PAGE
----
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Exploiting Chemical Diversity for Drug Discovery. Edited by PaulA. Bartlett and Michael Entzeroth

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Exploiting Chemical Diversity for
Drug Discovery
Edited by Paul A.
Bartlett and Michael
Entzeroth. Royal
Society of Chemistry, Cambridge
2006. 402 pp.,
£ 119.95.—ISBN
The task of distinguishing between significant innovations and trendy novelties at an early stage is a difficult one
that is of practical concern in medicinal
chemistry. It is especially important for
scientists who have to make tactical
decisions about the integration of new
developments into their toolkit to overcome the various bottlenecks in the way
of drug discovery. Reading Exploiting
Chemical Diversity for Drug Discovery
might help them to come to the right
decisions faster. This book provides a
timely and comprehensive overview of
state-of-the-art developments in the
diverse scientific and engineering disciplines that contribute to the identification of biologically active compounds.
The thoughtful preface to the book
discusses the difference between conceptual and operational inventions, and
emphasizes the value of informationrich high-content screening as opposed
to mere data acquisition in the context
of high-throughput screening.
The 17 chapters that follow, written
by well-known experts from academia
and industry cover the many components of the drug discovery process. The
chapters are organized in five sections:
“Operational Developments in Chemistry”; “Conceptual Advances in Synthesis”; “Prospecting and Mining”; “Operational Developments in Screening and
High Throughput Assays”; “Conceptual
Advances in Lead Evaluation: Screen
Early and Often”. The topics thus
addressed include the design of chemical libraries and methods for optimizing
their diversity, automated and accelerated chemistry such as polymer-assisted
solution-phase synthesis and microwave-enhanced fluorous-phase chemistry, high-throughput assay design and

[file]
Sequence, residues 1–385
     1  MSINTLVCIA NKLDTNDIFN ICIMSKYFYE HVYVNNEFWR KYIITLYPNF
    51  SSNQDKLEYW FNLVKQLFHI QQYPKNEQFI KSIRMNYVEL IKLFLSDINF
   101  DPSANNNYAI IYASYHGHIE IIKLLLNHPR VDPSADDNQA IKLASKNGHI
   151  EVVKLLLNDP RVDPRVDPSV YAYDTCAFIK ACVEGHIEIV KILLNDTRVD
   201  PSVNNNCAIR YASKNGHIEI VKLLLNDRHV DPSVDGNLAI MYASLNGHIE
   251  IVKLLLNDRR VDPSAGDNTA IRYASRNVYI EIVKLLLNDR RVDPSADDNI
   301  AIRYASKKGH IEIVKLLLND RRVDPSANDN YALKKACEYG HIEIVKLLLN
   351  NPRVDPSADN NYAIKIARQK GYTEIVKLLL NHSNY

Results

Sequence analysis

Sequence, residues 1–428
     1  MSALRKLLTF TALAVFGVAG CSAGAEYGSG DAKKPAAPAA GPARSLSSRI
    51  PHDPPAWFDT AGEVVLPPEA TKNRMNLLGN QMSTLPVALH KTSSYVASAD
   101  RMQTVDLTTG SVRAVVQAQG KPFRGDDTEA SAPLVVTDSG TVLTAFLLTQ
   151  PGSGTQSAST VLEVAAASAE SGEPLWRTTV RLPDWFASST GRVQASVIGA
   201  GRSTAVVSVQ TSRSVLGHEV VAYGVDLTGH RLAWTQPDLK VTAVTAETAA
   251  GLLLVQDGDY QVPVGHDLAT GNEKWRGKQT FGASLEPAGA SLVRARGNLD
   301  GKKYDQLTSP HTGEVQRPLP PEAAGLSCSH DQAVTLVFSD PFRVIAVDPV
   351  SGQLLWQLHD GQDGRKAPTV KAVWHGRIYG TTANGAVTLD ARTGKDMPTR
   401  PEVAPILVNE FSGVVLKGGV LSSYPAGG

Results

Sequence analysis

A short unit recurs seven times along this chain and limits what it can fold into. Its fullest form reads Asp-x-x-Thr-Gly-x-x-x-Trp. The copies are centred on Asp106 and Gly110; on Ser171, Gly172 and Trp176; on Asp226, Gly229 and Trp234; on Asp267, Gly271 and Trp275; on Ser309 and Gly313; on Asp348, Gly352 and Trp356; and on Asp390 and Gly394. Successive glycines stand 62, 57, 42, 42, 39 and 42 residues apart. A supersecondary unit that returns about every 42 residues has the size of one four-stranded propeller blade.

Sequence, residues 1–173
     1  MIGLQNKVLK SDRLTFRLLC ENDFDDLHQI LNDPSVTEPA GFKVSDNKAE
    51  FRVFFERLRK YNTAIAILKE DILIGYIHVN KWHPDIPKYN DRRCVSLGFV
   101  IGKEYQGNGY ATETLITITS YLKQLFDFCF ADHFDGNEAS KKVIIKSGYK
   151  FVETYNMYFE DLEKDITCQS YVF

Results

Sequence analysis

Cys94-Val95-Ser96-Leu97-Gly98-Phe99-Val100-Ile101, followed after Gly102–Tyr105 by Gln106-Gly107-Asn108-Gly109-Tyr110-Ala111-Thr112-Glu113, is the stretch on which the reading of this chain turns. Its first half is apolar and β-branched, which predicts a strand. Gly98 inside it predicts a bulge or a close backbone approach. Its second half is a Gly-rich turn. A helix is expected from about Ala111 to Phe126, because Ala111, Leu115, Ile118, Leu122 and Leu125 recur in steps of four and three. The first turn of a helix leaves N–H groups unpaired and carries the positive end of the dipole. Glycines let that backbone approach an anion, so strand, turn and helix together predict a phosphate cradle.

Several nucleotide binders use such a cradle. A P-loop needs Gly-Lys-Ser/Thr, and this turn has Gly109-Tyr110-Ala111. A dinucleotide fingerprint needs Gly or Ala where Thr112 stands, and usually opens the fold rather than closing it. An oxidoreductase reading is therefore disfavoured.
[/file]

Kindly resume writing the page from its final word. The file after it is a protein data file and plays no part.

detection techniques, and strategies for
data analysis and property optimization,
including prediction of properties. This
clear organization by the editors is the
key to effective reporting of the material
and achieving a balanced proportion of
the individual topics.
Does the book succeed in describing
a standard operational procedure to
discover blockbuster drugs? Because
therapeutic products on the market are
either atrociously complex in structure
or look incredibly simple, with everything in-between (as discussed by A.
Ganesan in his chapter), there is little
hope of finding a single blueprint for this
challenging endeavor. But the novel
arsenal of tools described in this book,
such as combinatorial chemistry, or
aspects of structure-based design (use
of crystallography or NMR spectroscopy for structure-based drug design,
molecular modeling, fragment screening) might result in synergistic improvements if used wisely. Ways of achieving
that are discussed in the chapters of the
book, on the basis of recent examples
and the authors7 own rich experiences.
These include iterative structure-based
screening of virtual chemical libraries
and the application of isoform specificity in the design of selective receptor
modulators. These are also combined
with personal thoughts, viewpoints, and
comments that the authors may have
2 2007 Wiley-VCH Verlag GmbH & Co. KGaA, Weinheim
given as a communication at a congress
banquet, but are hardly to be found in a
research paper. This is often helpful and
refreshing. In Chapter 4.5, A. Ganesan
asks the stimulating and entertaining
question: “Are certain scaffolds privileged because they are heavily explored,
or do they inherently possess favorable
characteristics for the discovery of new
drugs?” From his point of view, he
concludes that both explanations
appear equally likely, and that one of
the greatest achievements of combinatorial chemistry is the testing of this
hypothesis by the exploration of relatively uncharted chemical space.
The book is an excellent and astonishingly complete compilation on this
broad and demanding topic for current
practitioners. Researchers in organic
and medicinal chemistry, and in biological and pharmacological sciences, as
well as those interested in allied computational and engineering disciplines, will
benefit from the up-to-date coverage,
which is illustrated in full color. Many
details, for example, a list of providers of
compound collections in Chapter 5,
make this publication suitable as a
handbook, a unique source of information even for beginners in the field. The
book includes literature references
(sometimes with too many typographical errors) and an insufficient index, but
it might be too rich in information
content for students in the early phase
of their education. Some minor mistakes, such as the occasional wrong use
of retrosynthetic arrows, and inconsistencies in the quality of structural figures (e.g., incorrect bond angles) may be
attributed to the general weaknesses of
multi-author books. In this case, however, the high quality of the individual
chapters definitely outweighs those deficiencies.
Andreas Link
Institut f)r Pharmazeutische Chemie
Universit-t Greifswald (Germany)
DOI: 10.1002/anie.200685448
Angew. Chem. Int. Ed. 2007, 46, 22
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discovery, paulo, entzeroth, drug, bartlett, chemical, diversity, michael, exploiting, edited
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